I remember one day waiting to preach. The preacher didn’t have a verse to display, so someone put John chapter 3 verse 16 on the board. The word ‘begotten’ was omitted. As the man was speaking, a lady came striding towards the board. At first glance it was obvious that she had a life full of difficulty. She paused for a moment and declared that this was ‘wrong!’ The preacher told her that it was true, as it was the word of God. The preacher tried to continue. The lady insisted that it was wrong and that there was a word missing. She quoted the verse loudly and inserted the word ‘begotten’. She explained that it meant that Jesus and God were exactly the same in character, and this was so important, otherwise He could not go to the cross for us. By this time, she had attracted a crowd, and many were listening. The preacher agreed and talked with her for a few minutes before she hurried on her way. I felt very encouraged, not just that many had heard something of the gospel, but that the lady had recalled the verse that someone, maybe many years ago, had explained to her, and she had recalled it perfectly. The Spirit could use that for the salvation of the crowd who had listened.
It is important that we have literature to give out. It needs to be chosen carefully. It needs to be simple, as more complicated issues may well be for a later date. A tract that some accept may be the only Christian literature that they will ever read. We must assume nothing, and the word of God must be quoted in it. The Spirit will use the ‘sharp sword’ to cut where He will.
It is important that we understand our target audience, as we live in a multicultural society. Literature in different languages is very often useful. This is readily available through various sources. We live in a country where people are searching for something, although they don’t know what, and the ‘world’ has rejected God. When we stand in the city centre supporting the preaching and handing out literature, we can expect many rejections. Some people find this hard. It is important to remember that we are experiencing what the Lord experienced in a far more extreme way. The very people who witnessed His miracles and had benefitted from them stood in a crowd and bayed for His blood. He taught in Luke chapter 10 verse 16 that when people listen to us explain the scriptures, they listen to Him, and so, when they despise the word of God, they despise or reject Him, and through doing that reject the Father also. Yet He was willing to go to the cross, so I should, at least, be willing to go to the street and suffer some ridicule for Him.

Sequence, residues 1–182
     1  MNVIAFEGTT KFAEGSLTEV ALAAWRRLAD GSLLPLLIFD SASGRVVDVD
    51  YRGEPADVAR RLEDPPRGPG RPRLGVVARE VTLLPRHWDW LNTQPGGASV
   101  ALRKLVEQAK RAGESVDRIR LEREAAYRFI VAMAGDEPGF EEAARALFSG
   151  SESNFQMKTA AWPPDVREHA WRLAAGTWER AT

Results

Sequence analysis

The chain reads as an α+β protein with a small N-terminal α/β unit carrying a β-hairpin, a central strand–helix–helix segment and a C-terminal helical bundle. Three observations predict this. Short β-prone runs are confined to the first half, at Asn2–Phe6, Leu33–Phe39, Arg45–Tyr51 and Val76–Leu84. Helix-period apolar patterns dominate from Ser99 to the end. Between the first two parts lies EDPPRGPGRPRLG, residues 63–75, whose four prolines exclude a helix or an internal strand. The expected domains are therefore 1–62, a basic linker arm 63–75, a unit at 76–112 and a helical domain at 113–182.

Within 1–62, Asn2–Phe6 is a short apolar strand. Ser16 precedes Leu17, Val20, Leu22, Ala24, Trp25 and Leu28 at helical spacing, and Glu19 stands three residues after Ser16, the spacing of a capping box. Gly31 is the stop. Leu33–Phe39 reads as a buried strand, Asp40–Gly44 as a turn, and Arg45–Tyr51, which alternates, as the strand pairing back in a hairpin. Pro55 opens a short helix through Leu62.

Once, while preaching in Cardiff, I had just opened with the words, ‘I’d like to tell you something from the Bible, which are words from God!’, when a man in his sixties, very middle-class, started shouting at me using foul language. He persisted so much that I thought it not honouring to the Lord to shout over him. When I spoke to the man, I pointed out that I had said very little, and that it was just the mention of the Bible that seemingly had provoked this alarming reaction from him. I also pointed out that however loud my voice was, it would not be heard ten or so shops away. I asked why he got so angry and had not just walked on. Once he had calmed down, he was embarrassed about his reaction. It turned out that he had been brought up in a Christian family and actually knew the truth but had walked away from it all his life. He was, as the man described in Romans chapter 1, one who did not want to ‘retain God in his knowledge’. A good conversation ensued. I have often found that those that want to talk don’t know how to and start with an aggressive line. There will be thousands that walk by! There will be those that seem totally indifferent! It is generally the ones that must comment and make a derogatory remark, that are closer to the Kingdom as something has touched their conscience.
I would like to encourage you to consider this work. If you don’t feel equipped for preaching or speaking to others, you can give out tracts or stand facing the preacher helping to form a crowd. This makes it acceptable for others to stop. Just being there is a great encouragement. We don’t think of the Apostle Paul as someone who needed people standing at his side to achieve what he did for the Lord, yet he could talk with great affection in Philippians chapter 4 of ‘yokefellow’ and ‘fellow labourers’, especially the women. These are a great example that we can all follow and be part of truly ‘going . . . to preach the gospel’.